issue in the main proceedings. Centros was                              that right, are definitive. The legal form of the
formed in accordance with the law of England                            company is decisive. This is the point: there
and Wales and has its registered office in the                          is no need to inquire into the nature and con-
United Kingdom. Those circumstances alone                               tent of the activities the company is pursuing
are sufficient to bring the company's situation                         or intends to pursue. 3 + Moreover, on the
within the scope of Articles 52 and 58 of the                           subject of freedom of establishment for natural
Treaty. In my view, no further information is                           persons, the Court has already had occasion
needed about the nationality of the members                             to rule on a Member State's claim that the
or directors or about the territorial scope of
                                                                        exercise of that right should be subject to an
the company's activities. 32 Moreover, the
                                                                        additional condition (in that case, actual resi-
Court has held that the reference in Article
                                                                        dence in the territory of the State in question)
52 to 'nationals of a Member State' who wish
to establish themselves 'in the territory of                            over and above the requirement that the
another Member State' cannot be interpreted                             person be a national of a Member State, which
in such a way as to exclude from the benefit                            is the only condition Article 52 imposes in
of Community law a given Member State's                                 respect of persons. The Court held that claim
own nationals when the latter, owing to the                             to be contrary to Community law. 35 The
fact that they have taken advantage of the                              comparison — suggested by the Companies
facilities existing in the matter of freedom of                         Board — between the present case and the
movement and establishment, are, with regard                            case that was the subject of the ruling in
to their State of origin in a situation which
may be assimilated to that of any other per-
sons enjoying the rights and liberties guaran-
teed by the Treaty. 33 The Danish authorities                           34 — See I. G. E Cath, Freedom of Establishment of Companies:
insist that the principal establishment must                                 a New Step Towards Completion of the Internal Market, in
                                                                             E G. Jacobs (ed.), 1986 Yearbook of European Law, Oxford,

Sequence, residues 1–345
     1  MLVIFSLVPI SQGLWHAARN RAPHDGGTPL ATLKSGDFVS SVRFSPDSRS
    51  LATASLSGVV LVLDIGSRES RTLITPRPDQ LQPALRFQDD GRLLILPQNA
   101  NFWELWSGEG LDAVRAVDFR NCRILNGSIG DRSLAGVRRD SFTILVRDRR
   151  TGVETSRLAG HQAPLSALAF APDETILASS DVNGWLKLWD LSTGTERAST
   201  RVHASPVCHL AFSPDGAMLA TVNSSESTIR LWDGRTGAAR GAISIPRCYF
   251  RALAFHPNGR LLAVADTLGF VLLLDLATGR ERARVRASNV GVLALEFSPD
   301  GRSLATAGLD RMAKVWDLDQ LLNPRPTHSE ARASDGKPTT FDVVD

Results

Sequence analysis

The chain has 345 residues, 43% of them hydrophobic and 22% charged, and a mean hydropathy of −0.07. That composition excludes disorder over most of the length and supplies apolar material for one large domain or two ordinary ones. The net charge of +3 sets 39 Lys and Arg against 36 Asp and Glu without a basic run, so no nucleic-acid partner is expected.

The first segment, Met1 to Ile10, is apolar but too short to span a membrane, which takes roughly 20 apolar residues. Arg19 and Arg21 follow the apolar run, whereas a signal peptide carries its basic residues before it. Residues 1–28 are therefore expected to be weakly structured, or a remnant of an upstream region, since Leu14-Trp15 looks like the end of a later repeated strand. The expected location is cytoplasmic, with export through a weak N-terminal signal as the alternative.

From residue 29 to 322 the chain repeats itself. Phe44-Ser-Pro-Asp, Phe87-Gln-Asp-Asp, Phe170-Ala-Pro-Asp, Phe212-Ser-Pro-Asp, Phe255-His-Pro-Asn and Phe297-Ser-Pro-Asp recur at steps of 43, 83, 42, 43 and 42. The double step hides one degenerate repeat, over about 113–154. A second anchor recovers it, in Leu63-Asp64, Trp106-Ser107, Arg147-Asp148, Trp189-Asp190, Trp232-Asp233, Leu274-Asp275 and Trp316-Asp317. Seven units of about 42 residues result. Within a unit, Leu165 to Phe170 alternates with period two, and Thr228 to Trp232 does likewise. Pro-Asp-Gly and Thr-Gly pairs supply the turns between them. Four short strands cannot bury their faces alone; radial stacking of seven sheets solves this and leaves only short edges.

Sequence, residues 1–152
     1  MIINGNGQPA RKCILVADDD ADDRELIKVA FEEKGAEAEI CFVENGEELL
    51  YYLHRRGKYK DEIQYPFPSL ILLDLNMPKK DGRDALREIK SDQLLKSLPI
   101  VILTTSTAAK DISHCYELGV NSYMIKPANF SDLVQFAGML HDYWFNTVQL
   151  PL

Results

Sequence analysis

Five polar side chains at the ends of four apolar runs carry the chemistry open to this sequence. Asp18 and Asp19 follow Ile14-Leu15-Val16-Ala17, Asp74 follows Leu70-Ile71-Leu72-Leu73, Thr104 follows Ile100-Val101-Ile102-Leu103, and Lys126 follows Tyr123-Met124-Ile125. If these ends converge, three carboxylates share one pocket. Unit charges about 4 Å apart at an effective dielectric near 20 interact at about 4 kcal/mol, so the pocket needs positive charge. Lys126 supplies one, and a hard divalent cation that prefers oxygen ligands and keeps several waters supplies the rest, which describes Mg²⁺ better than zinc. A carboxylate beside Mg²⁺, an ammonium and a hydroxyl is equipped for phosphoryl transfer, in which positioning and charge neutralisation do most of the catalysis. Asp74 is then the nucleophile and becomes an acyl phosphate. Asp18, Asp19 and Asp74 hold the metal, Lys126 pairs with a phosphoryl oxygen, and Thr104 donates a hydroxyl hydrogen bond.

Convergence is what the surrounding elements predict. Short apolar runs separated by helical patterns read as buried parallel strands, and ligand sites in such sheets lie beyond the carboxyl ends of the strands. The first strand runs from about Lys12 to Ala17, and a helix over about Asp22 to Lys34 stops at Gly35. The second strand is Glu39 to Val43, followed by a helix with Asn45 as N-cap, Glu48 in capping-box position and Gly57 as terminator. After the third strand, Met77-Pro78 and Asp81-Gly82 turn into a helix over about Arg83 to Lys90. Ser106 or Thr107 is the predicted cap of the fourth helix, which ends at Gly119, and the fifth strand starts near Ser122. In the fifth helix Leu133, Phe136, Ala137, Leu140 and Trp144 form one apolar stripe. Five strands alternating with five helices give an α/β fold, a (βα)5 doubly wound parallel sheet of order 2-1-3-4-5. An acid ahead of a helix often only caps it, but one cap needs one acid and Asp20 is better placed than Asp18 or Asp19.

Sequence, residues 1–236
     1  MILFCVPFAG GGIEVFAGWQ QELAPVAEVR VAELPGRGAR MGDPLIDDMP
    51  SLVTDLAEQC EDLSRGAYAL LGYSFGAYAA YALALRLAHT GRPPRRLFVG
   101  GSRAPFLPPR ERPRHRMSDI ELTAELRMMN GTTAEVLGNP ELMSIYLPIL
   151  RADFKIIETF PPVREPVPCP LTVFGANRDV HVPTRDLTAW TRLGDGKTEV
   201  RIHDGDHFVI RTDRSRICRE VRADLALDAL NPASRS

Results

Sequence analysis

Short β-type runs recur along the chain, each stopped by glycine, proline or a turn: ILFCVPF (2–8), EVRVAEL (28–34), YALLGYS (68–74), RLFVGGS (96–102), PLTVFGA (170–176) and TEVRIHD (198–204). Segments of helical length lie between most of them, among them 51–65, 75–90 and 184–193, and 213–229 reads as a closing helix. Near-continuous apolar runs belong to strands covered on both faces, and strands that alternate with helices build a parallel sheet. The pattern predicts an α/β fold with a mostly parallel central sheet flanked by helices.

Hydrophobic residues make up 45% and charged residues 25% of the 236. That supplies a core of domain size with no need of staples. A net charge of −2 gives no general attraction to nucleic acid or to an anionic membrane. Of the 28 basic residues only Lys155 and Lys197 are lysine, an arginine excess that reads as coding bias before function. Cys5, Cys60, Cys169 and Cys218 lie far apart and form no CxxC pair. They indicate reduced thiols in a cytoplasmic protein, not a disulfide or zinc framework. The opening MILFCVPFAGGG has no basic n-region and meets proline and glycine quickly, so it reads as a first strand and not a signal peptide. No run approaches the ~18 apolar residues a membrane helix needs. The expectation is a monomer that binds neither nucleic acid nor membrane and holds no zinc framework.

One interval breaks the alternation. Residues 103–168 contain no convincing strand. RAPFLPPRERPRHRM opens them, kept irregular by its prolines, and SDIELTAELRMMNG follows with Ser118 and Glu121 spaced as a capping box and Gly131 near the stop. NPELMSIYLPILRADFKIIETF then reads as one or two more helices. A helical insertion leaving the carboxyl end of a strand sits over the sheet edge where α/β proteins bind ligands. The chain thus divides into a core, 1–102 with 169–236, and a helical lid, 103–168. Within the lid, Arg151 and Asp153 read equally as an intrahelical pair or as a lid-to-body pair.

really pursue the activities stated to be the                                1987, p. 247, in particular pp. 259 and 261. See also mutatis
                                                                             mutandis Case C-441/93 Pafitis and Others v Trapeza Ken-
object of the company. However, that line of                                 tukis Ellados and Others [1996] ECR 1-1347, paragraphs 18
reasoning leads them to see in Article 58 of                                 and 19, in which the Court held that 'it is clear from the title
                                                                             and Article 1 of the Second Directive that it applies to the
the Treaty an additional condition to which                                  companies referred to in the second paragraph of Article 58
                                                                             of the EC Treaty constituted in the form of public limited
the right to set up a secondary establishment                                liability companies. The criterion adopted by the Commu-
                                                                             nity legislature to denne the scope of the Second Directive
is subject. However, in my view, the formal                                  is therefore that of the legal form of the company, irrespec-
requirements set out in Article 58, for the                                  tive of its business'.
                                                                        35 — According to the Court, 'it is not permissible for the legisla-
                                                                             tion of a Member State to restrict the effects of the grant of
                                                                             the nationality of another Member State b y imposing an
                                                                             additional condition for recognition of that nationality with